Potentially dire consequences await those who ‘like’ social media posts before or without reading the text. The true message of the post is often not evident in the headline and can be contradictory to the reader’s world view or online image. Liking a post without reviewing its contents could even damage someone’s online reputation.
Be particularly wary of satire. This very website contains an entire category full of satirical articles. Satire uses humour to criticise or ridicule particular situations, organisations or people, and the meaning of the text is very rarely evident in the headline.
Beware of hashtags.
Just because a post is accompanied with hashtags such as pets, dogs, dogowners, furryfriends or fourleggedfriends doesn’t mean that the article is supportive of dog owners or pet ownership. In fact, numerous articles on this website, especially in the Satire category, are highly critical of dog owners and their flagrant disregard for dog walking laws. The articles portray the dog owners as selfish, disobedient, arrogant, disrespectful, inconsiderate and in some cases illiterate. Hardly complimentary. Despite this fact, many pet supply companies ‘liked’ the posts.
The pet companies were responding to the hashtags. They have most likely established their social media marketing strategy to identify and respond to any hashtag relating to dogs, pets and dog owners. The companies believe this increases exposure for their brand.
…but what kind of exposure?
If a pet supply company is seen to be endorsing a text which implies that dog owners are selfish, disobedient, arrogant, disrespectful, inconsiderate and in some cases illiterate, this could backfire severely on the company. The company is essentially insulting its customers and insulting the very people which sustain the business and all of its employees.
Has a business ever prospered by insulting its customers?
Think about what you ‘like’.
Liking an image of a person you admire can also lead to misinterpretation or support of an opinion contradictory to your own.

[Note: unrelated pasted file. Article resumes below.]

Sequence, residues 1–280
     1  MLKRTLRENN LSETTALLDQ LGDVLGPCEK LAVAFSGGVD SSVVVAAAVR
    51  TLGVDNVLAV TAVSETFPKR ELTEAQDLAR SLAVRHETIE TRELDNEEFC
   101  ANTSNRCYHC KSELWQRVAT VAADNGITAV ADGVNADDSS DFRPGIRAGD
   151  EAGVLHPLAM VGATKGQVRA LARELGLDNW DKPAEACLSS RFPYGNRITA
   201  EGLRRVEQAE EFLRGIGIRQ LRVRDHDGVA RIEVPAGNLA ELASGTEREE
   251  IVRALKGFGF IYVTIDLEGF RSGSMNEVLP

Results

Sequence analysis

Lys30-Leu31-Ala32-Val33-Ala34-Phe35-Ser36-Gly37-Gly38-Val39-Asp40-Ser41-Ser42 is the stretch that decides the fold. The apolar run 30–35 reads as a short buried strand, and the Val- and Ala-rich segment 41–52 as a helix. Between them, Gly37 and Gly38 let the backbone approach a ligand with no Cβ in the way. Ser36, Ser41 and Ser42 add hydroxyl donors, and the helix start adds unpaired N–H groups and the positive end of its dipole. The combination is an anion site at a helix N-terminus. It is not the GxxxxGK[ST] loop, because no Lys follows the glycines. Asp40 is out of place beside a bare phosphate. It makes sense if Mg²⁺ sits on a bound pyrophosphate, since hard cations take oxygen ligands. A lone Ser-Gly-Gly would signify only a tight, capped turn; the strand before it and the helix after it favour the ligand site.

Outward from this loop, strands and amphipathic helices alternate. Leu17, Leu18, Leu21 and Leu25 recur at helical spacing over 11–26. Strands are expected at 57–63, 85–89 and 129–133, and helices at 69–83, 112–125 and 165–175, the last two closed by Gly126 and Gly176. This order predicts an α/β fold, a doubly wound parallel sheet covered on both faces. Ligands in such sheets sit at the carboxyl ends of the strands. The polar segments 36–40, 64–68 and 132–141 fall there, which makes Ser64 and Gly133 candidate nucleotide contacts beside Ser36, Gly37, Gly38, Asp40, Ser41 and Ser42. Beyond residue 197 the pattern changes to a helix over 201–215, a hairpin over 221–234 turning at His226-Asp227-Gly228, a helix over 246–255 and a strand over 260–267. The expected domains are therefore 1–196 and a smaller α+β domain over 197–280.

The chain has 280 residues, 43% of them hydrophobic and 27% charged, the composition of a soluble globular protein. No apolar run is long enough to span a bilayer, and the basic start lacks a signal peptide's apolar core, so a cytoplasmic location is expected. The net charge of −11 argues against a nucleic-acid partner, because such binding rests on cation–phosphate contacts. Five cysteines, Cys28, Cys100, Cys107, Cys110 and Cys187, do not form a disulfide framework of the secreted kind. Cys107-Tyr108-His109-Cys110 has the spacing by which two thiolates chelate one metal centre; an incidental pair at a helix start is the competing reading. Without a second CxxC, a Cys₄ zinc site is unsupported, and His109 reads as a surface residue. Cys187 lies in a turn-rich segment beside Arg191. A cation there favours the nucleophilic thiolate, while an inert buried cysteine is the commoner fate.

The Frownlow Medal is a satirical award given to the Australia-based professional footballer who commits the worst off-field scandal in any given year. The award exists to criticise the footballers and society’s adoration of them, and uses irony to do so.
An Instagram account holds images of all of the footballers who have so far been nominated for The Frownlow Medal and The Frownlow Medal Hall of Fame. Many people ‘like’ the posts containing images of their sporting heroes, without knowing that the player is being criticised for their off-field behaviour. The fans are thus supporting or endorsing a satirical award which is heavily criticising their heroes.
Of course, some fans agree with the award’s premise, and can separate the player’s sporting brilliance from their off-field flaws, but many fans ‘like’ unknowingly.
Another article related to football demonstrates this point. The article relates to the Prime Minister of Australia, Scott Morrison, and attacks his support for the Cronulla Rugby League club and exposes it as a shallow publicity stunt. The article is heavily critical of Morrison, and implies that supporters of the prime minister, and the Cronulla team, have been fooled into supporting and voting for their local representative. Nevertheless, fans of the club ‘liked’ the article when it was posted on this website.
They are essentially liking a post which calls them gullible, uneducated, easily fooled and impressionable.
A food catering service also fell victim to their automated hashtag marketing system. I wrote a travel article about a particularly unsavoury pizza I ate at a local restaurant in China, where I saw customers being given blood pressure checks – after they had eaten. The food catering company had inadvertently associated themselves with poor quality and horrible tasting food – food so bad it could give someone a heart attack.
Be sure to read what you like.